Guest Post: Limited Corporate Criminal Liability Impedes French Enforcement of Foreign Bribery Laws

Frederick Davis, a lawyer in the Paris office of Debovoise & Plimpton, contributes the following guest post:

The U.S. Foreign Corrupt Practices Act (FCPA), adopted in 1977, prohibits bribery of foreign public officials. In 2000, France adopted its own law on foreign bribery, which generally prohibits the same conduct. Yet despite the similarity of the laws on the books, the FCPA has been vigorously enforced, with scores of settlements and large fines imposed on corporations, while in France, not a single corporation has been convicted of foreign bribery under the 2000 law—even though since that law’s passage, four large French corporations have entered into negotiated agreements with US authorities to settle alleged FCPA violations, paying more than US$3 billion in fines and other penalties. What explains this difference in enforcement?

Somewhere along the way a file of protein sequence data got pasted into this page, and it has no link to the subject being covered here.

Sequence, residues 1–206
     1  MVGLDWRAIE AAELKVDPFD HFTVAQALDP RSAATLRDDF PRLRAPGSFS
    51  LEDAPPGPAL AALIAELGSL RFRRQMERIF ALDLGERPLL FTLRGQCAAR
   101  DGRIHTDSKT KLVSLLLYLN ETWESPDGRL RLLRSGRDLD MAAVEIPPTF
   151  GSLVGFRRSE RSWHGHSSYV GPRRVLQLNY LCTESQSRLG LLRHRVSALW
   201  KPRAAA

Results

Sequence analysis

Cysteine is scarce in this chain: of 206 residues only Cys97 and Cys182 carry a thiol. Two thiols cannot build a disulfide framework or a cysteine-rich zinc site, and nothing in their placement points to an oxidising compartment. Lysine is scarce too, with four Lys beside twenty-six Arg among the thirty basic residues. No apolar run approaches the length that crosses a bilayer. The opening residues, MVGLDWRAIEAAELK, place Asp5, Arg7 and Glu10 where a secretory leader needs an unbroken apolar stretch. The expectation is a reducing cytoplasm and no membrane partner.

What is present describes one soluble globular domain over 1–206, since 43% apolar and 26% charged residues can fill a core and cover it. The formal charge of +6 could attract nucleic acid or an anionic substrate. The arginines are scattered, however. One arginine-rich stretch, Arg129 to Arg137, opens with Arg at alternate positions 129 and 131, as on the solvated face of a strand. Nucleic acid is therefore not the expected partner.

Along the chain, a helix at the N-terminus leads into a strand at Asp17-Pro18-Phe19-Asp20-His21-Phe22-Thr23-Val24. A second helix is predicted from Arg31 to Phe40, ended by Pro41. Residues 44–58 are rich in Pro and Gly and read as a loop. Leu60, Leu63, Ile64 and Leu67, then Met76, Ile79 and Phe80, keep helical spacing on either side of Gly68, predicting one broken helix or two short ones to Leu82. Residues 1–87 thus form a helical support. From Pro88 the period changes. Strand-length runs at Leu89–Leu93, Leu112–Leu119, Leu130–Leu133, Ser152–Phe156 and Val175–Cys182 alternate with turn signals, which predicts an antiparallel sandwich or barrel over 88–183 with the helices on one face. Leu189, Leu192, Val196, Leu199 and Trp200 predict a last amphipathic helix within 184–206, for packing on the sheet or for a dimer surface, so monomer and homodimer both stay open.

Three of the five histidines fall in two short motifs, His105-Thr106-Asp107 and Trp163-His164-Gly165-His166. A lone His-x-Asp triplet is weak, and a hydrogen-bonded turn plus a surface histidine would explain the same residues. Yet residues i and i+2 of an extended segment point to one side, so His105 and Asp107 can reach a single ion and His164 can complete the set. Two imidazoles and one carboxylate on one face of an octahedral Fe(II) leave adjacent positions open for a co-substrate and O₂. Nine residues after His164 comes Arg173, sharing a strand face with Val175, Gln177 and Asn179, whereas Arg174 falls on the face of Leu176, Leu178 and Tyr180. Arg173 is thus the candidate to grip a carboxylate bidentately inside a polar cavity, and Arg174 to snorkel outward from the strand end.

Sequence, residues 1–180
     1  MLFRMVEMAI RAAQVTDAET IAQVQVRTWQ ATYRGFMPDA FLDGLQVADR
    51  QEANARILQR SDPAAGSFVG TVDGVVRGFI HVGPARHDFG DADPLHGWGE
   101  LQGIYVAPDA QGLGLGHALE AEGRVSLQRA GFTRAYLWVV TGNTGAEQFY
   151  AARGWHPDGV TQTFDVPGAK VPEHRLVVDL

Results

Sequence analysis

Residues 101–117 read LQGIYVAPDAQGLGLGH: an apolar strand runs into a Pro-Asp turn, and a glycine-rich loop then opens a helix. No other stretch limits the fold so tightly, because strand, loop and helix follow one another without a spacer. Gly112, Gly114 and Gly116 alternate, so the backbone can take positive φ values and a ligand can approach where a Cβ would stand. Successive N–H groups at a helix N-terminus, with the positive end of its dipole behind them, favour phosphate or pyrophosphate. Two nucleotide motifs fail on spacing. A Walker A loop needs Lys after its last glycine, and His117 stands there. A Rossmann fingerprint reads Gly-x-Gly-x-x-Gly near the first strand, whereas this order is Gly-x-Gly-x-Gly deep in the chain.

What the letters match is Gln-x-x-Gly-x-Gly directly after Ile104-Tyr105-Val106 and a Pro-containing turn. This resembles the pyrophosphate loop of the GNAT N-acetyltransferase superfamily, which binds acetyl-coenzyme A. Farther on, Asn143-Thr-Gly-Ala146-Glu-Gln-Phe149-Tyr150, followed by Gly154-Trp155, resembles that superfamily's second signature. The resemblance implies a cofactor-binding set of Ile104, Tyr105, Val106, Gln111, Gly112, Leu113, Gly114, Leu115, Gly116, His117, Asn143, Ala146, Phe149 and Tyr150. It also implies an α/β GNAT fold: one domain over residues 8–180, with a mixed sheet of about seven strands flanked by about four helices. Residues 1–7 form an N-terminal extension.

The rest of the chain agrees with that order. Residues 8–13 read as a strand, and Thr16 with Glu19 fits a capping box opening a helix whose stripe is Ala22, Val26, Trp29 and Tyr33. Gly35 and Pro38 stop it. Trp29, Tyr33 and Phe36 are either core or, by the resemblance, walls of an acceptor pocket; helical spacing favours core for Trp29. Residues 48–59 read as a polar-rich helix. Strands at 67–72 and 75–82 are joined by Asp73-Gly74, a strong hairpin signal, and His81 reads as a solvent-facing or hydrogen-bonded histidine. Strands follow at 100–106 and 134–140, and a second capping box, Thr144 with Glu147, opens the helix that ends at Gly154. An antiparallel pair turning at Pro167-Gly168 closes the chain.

While suspicions lurk that French authorities may not be terribly serious about fighting overseas corruption, the more plausible explanations lay the blame on other aspects of the French legal system. One difficulty is that French criminal investigations proceed very slowly, often taking ten years or longer. (At least some of the French corporations that negotiated outcomes with the U.S. DOJ were investigated for the same conduct in France; it’s likely that the U.S. authorities declined to defer to a French investigation without having any idea when it might end, or what the result would be.) Second, as Sarah Krys and Liz Loftus have pointed out in an earlier posts on this blog, France lacks a mechanism permitting a negotiated corporate outcome comparable to the “deferred prosecution agreements” and “non-prosecution agreements” (DPAs and NPAs) that the US authorities routinely used to resolve FCPA cases against corporations; even a corporate “guilty plea” is difficult and very rarely used in France. Just as important, though, and perhaps not sufficiently appreciated, is the difference between the two countries’ laws concerning corporate criminal responsibility, and the incentives those laws create for corporate decision-makers: Continue reading